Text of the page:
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GlobalSecurity.org In the News

Newsday July 13, 2005

Failures and delays at U.S. space agency have opened the door for businesses to enter space

By James Bernstein

As the space shuttle prepares to return to orbit, NASA is already thinking about Mars and moon missions, handing out contracts yesterday to companies designing vehicles to reach the planets.

But, though its vision might be bold, during the past 20 years NASA has lost much of its luster - and much of the market it once held exclusively to create business opportunities in space. That's primarily because the shuttle proved to be the very two things ardent government promoters promised it would not be: unreliable and expensive.

Now NASA faces competition from at least a dozen private companies that have built up an industry estimated to be $100 billion, offering everything from launch services to lunch in space.

"The giggle factor has gone away," Joe Huwaldt, the chief engineer for Oklahoma City-based Rocketplane Limited Inc., said yesterday. "When we say to people we can do this, they don't laugh anymore."

Rocketplane says it will begin operating private space flights in early 2007, which might make it the first private company offering space flights to the public. "A lot of companies have been striving to privatize space," said Huwaldt. "This has been due to frustration over the lack of progress" by the space shuttle. "Also, the feeling is the time has come. The technology has matured."

Two space shuttle disasters - the explosion of Challenger shortly after takeoff in January 1986 and the breakup upon re-entry of Columbia in February 2003 - in addition to frequent delays of scheduled launches and high costs have caused private companies, satellite builders prime among them, to turn away from NASA and look to private industry.

"It [the shuttle] certainly didn't live up to its promises," said John Logsdon, director of the Space Policy Institute at George Washington University in Washington, D.C.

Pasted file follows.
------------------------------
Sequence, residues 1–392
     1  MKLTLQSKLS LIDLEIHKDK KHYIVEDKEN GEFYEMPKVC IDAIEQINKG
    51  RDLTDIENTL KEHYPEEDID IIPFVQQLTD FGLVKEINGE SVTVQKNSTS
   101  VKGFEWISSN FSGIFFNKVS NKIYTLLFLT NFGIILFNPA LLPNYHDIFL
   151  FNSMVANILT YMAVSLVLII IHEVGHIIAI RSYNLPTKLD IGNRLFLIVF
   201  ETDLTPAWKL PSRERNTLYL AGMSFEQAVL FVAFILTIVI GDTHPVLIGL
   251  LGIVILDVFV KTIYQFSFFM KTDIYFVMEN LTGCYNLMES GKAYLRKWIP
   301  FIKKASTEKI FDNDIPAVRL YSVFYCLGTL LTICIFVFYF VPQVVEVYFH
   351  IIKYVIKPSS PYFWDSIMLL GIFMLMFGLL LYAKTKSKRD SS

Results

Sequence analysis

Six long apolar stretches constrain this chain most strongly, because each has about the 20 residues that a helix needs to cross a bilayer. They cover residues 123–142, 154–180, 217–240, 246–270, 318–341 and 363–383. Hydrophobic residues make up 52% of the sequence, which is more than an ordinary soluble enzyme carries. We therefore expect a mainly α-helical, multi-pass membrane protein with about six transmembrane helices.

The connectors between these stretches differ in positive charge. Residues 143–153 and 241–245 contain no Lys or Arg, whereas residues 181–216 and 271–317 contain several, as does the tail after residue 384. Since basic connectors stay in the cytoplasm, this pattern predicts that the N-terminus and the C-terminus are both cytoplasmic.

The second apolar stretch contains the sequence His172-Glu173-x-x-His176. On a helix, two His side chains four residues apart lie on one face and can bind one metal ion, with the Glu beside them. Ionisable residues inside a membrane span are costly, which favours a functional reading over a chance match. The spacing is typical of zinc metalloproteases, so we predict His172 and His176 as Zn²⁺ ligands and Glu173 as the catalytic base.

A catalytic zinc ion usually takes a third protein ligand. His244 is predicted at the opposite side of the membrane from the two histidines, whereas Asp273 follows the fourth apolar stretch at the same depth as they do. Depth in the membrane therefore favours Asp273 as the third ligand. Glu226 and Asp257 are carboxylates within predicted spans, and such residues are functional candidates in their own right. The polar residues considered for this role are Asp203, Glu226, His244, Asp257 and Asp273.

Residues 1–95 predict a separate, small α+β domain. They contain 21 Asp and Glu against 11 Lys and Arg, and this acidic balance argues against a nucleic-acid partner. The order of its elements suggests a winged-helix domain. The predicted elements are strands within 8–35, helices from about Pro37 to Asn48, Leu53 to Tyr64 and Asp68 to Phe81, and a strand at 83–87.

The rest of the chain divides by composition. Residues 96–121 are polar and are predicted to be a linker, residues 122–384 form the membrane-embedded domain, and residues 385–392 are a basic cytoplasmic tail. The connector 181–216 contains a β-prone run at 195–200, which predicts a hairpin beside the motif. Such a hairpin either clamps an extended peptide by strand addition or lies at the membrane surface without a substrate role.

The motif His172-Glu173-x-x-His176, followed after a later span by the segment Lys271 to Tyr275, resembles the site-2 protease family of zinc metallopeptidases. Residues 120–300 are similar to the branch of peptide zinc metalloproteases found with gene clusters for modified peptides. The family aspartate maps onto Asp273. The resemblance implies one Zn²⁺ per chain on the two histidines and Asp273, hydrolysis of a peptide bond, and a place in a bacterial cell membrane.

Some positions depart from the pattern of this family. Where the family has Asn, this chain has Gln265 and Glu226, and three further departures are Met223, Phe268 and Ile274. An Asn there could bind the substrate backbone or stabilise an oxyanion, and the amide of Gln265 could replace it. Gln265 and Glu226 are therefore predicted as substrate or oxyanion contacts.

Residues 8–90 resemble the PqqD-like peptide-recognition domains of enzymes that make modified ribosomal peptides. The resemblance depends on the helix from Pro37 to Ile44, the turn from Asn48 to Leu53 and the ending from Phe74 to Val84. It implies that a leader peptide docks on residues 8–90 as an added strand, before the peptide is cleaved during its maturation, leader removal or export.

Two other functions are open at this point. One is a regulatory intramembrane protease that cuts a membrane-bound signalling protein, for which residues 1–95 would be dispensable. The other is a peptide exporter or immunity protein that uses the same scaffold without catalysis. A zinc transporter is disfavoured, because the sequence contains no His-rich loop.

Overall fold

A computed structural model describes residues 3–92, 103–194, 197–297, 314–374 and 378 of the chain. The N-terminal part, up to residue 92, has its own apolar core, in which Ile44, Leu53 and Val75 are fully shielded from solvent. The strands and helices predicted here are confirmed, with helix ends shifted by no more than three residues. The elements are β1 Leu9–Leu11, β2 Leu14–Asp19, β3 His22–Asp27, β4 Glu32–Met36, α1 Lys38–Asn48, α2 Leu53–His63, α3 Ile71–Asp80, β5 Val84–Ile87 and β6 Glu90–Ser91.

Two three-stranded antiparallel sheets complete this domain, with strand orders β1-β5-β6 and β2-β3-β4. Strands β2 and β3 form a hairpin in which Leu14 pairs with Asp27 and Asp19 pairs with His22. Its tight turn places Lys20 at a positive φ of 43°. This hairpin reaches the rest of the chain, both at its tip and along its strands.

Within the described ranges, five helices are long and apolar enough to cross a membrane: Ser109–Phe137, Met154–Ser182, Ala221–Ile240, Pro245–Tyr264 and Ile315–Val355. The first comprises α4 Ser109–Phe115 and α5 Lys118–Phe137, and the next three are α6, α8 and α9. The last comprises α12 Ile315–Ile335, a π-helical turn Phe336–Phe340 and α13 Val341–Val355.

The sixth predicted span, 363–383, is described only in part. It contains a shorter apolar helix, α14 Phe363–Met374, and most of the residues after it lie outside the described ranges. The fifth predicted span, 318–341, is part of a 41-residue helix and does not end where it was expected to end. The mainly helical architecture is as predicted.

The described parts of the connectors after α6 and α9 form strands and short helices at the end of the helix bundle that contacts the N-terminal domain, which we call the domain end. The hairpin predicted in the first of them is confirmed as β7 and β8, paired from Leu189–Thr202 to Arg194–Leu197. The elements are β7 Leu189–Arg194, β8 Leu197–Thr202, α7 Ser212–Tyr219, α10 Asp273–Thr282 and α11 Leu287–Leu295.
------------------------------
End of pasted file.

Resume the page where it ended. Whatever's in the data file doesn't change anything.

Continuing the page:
NASA plans to end the space shuttle program toward the end of this decade, when it hopes to have a crew exploration vehicle ready to take astronauts to the moon and beyond.

Even as NASA engineers made last-minute preparations to launch the shuttle Discovery, the agency's headquarters in Washington announced yesterday it had awarded a $28-million contract to Lockheed Martin Corp. to continue its work on the crew exploration vehicle. NASA is expected to award the same amount to a team of Boeing Co. and Northrop Grumman Corp., which is also working on a crew vehicle design.

But private space entrepreneurs believe they are well on their way to the cosmos without the aid of NASA.

Last October, Burt Rutan's SpaceShipOne became the first private manned spacecraft to exceed an altitude of 328,000 feet (considered the edge of space) twice within 14 days, winning a competition for a $10-million prize put together by private space enthusiasts.

SpaceShipOne is owned by Mojave Aerospace Ventures, which was funded by Microsoft co-founder Paul Allen. The competition placed even more focus on private space efforts, including those by companies that are promising to make space tourism commonplace.

One of them, Space Exploration Technologies of El Segundo, Calif., was started by businessman Elon Musk in 2002, using his own money. Musk is trying to make space flight affordable and profitable. Dianne Molina, the company's marketing manager, said Space Exploration already has six firm contracts to launch satellites.

Richard Branson, founder of Virgin Atlantic Airlines, has inked a deal with Mojave Aerospace to build five "Virgin Galactic spaceliners" to carry passengers into space in the next three years. Branson also has talked about building a hotel in space.

As private space efforts grow and the shuttle program winds down, many in and outside the space industry are asking whether the shuttle was worth it all. John Pike, director of GlobalSecurity.org, which monitors space programs, said the shuttle taught an important lesson.

"I think it was important in teaching us humility," Pike said. "It taught us how difficult this stuff is because the shuttle turned out to be a lot more difficult than anybody thought. It's too easy to get into trouble and too hard to get out."


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